Train tickets prices seem to be relentlessly rising in the UK, so if you are a frequent traveller you might be getting frustrated with the situation. Learn how to work the system by dodging booking fees, taking advantage of reduced rates and planning your journeys more carefully to cut the costs of your transport.
Timing your ticket purchases can be a big help. Most people are aware that booking in advance is a cheaper option than buying on the day at the station, but did you know that ‘advance’ can apply all the way up to the night before your journey, some as late as midnight. If you prefer to plan things earlier then you can find big savings; Network Rail set their timetables about 12 weeks in advance, so this is the best time to grab your booking and get a seat before the crowds start buying up tickets. TheTrainLine is a useful website for booking cheaper tickets, and they provide a service alerting you to when advanced tickets become available for specific journeys. When using online bookings sites for your train tickets, it can also pay to do some comparisons between the different sites; they can often come up with different prices, and some charge higher booking fees than others.
If you travel frequently and fit into a particular group, you could be eligible for a railcard that would save you up to a third off your journey. Not all times and routes will apply; peak time journeys can stay at full price even with your railcard, but you should be able to get some substantial savings elsewhere. If you are between the ages of 16 and 25 then the Young Person’s Railcard is well worth a look. If you are outside of this age group, but a full time student, you are also eligible. The Family and Friends Railcard is available for journeys where one adult and a minimum of one child are travelling together; this will get you a third off and the kids 60% off. Both these railcards cost £30 for a year or £70 for 3 years, so it does work out cheaper to invest in the full 3 years if you know you’re going to use it. A Senior Railcard is available for over-60s, and you may even be able to get a council discount on the £30 cost of this railcard if you’re a pensioner. If you receive disability benefits or have a particular disability then you could qualify for the Disabled Persons Railcard; this is even cheaper at £20 per year, and the discount will also apply to a travelling companion. If you live in the Network Railcard area, in Southern England, you might benefit from the £30 Network Railcard, so check your travel routes to see if this could save you cash. Saving a third on your travel could mean the difference between putting money into a bank savings account or taking out payday loans.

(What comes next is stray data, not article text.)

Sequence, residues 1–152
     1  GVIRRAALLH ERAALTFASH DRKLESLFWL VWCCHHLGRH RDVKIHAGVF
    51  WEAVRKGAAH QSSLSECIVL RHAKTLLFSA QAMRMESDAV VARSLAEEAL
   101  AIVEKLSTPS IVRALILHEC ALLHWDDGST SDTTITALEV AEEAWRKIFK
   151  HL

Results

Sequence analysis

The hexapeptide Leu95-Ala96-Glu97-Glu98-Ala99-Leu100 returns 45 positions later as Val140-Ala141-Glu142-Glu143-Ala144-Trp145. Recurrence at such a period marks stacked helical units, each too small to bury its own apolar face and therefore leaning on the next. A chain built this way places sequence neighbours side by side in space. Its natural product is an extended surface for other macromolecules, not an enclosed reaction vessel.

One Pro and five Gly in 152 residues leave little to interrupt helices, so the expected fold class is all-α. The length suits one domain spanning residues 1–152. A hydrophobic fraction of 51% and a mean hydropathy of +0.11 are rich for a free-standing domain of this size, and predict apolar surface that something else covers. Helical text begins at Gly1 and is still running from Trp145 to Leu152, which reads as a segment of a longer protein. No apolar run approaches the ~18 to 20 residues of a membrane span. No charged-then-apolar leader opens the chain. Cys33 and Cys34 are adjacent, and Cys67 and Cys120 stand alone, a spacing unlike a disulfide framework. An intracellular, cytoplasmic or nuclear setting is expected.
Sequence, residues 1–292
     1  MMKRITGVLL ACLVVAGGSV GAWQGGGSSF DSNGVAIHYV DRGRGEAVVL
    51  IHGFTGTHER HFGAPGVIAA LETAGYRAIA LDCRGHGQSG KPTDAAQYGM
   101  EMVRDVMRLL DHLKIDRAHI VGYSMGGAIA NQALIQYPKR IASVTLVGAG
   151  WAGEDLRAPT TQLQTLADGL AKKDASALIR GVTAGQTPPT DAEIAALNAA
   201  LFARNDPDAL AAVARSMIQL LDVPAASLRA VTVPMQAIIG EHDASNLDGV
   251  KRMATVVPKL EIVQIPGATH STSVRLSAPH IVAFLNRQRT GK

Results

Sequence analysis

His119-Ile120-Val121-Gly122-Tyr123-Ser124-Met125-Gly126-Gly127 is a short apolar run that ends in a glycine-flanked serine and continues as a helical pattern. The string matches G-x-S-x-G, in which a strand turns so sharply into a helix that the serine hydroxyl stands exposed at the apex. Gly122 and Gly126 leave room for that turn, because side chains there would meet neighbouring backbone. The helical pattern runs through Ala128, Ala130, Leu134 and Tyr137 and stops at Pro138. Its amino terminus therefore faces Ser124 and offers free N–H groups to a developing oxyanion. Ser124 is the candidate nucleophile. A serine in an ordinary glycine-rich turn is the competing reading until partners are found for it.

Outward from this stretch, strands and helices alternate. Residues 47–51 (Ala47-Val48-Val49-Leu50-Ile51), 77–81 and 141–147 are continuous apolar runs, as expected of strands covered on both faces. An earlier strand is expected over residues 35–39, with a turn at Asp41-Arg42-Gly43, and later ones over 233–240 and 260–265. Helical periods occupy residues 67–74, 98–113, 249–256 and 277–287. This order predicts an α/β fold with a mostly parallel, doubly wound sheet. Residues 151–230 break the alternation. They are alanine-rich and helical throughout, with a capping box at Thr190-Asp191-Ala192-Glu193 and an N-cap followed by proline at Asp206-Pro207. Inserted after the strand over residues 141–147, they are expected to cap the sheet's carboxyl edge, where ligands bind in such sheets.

Sometimes logic doesn’t really apply when it comes to rail travel in the UK, so you can save money in strange ways. Though you might assume that a return ticket would always be the best option for your journey, if you double-check the cost of each single ticket you might find that it actually works out at a lower price. Splitting up your journey instead of buying a direct ticket from A to B also can lead to savings; sometimes the individual journeys along your route will add up to less than the cost of the original ticket. There are even iPhone apps available to help you calculate the cost of split ticket journeys. Just be wary of leaving enough time at stations along the way so that you don’t miss connecting trains and lose out.